Marie Curie French 7 November 1867 – 4 July 1934), born Maria Salomea Skłodowska was a Polish and naturalized-French physicist and chemist who conducted pioneering research on radioactivity. She was the first woman to win a Nobel Prize, the first person and only woman to win twice, the only person to win a Nobel Prize in two different sciences, and was part of the Curie family legacy of five Nobel Prizes. She was also the first woman to become a professor at the University of Paris, and in 1995 became the first woman to be entombed on her own merits in the Panthéon in Paris.
She was born in Warsaw, in what was then the Kingdom of Poland, part of the Russian Empire. She studied at Warsaw’s clandestine Floating University and began her practical scientific training in Warsaw. In 1891, aged 24, she followed her older sister Bronisława to study in Paris, where she earned her higher degrees and conducted her subsequent scientific work. She shared the 1903 Nobel Prize in Physics with her husband Pierre Curie and with physicist Henri Becquerel. She won the 1911 Nobel Prize in Chemistry.
Her achievements included the development of the theory of radioactivity (a term that she coined techniques for isolating radioactive isotopes, and the discovery of two elements, polonium and radium. Under her direction, the world’s first studies were conducted into the treatment of neoplasms, using radioactive isotopes. She founded the Curie Institutes in Paris and in Warsaw, which remain major centres of medical research today. During World War I, she developed mobile radiography units to provide X-ray services to field hospitals.
Birthplace on ulica Freta in Warsaw’s “New Town” – now home to the Maria Skłodowska-Curie Museum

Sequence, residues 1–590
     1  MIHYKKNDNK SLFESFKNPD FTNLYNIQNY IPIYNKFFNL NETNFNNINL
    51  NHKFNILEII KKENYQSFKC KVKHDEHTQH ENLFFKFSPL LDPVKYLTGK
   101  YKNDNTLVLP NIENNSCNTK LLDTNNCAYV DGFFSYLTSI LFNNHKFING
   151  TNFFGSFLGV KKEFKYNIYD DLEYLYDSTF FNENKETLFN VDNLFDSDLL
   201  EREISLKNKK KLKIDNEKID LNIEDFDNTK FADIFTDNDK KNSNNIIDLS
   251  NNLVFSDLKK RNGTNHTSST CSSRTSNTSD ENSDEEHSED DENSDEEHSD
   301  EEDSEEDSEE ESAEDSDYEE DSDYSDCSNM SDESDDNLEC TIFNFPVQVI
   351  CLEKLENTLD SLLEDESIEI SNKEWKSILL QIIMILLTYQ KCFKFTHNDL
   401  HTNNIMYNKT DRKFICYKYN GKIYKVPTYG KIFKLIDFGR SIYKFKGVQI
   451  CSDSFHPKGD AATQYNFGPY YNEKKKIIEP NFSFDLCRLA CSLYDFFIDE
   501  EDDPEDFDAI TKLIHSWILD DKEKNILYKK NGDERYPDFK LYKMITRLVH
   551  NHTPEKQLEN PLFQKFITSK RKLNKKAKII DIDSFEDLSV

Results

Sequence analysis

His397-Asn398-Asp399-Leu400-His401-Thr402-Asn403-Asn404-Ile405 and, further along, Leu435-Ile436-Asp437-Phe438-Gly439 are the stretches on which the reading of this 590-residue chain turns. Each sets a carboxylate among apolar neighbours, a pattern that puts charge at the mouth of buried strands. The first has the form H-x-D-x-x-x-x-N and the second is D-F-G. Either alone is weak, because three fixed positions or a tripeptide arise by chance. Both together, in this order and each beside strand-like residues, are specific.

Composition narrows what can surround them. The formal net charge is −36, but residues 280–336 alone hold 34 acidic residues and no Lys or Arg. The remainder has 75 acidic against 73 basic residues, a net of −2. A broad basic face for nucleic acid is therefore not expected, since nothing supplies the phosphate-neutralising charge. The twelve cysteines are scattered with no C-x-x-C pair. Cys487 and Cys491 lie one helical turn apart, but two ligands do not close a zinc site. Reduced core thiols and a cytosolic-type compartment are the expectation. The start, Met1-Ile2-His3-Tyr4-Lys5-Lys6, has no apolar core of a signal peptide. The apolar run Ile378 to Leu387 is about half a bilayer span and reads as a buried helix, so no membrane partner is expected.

Maria Skłodowska was born in Warsaw, in the Russian partition of Poland, on 7 November 1867, the fifth and youngest child of well-known teachers Bronisława, née Boguska, and Władysław Skłodowski.The elder siblings of Maria (nickname: Mania) were Zofia (born 1862, nickname: Zosia), Józef (born 1863, nickname: Józio), Bronisława (born 1865, nickname: Bronia) and Helena (born 1866, nickname: Hela).
The father was eventually fired by his Russian supervisors for pro-Polish sentiments, and forced to take lower-paying posts; the family also lost money on a bad investment, and eventually chose to supplement their income by lodging boys in the house.Maria’s mother Bronisława operated a prestigious Warsaw boarding school for girls; she resigned from the position after Maria was born.She died of tuberculosis in May 1878, when Maria was ten years old.Less than three years earlier, Maria’s oldest sibling, Zofia, had died of typhus contracted from a boarder.Maria’s father was an atheist; her mother a devout Catholic.The deaths of Maria’s mother and sister caused her to give up Catholicism and become agnostic.
New life in Paris
In late 1891, she left Poland for France.In Paris, Maria (or Marie, as she would be known in France) briefly found shelter with her sister and brother-in-law before renting a garret closer to the university, in the Latin Quarter, and proceeding with her studies of physics, chemistry, and mathematics at the University of Paris, where she enrolled in late 1891.She subsisted on her meager resources, suffering from cold winters and occasionally fainting from hunger.
Skłodowska studied during the day and tutored evenings, barely earning her keep. In 1893, she was awarded a degree in physics and began work in an industrial laboratory of Professor Gabriel Lippmann. Meanwhile, she continued studying at the University of Paris, and with the aid of a fellowship she was able to earn a second degree in 1894.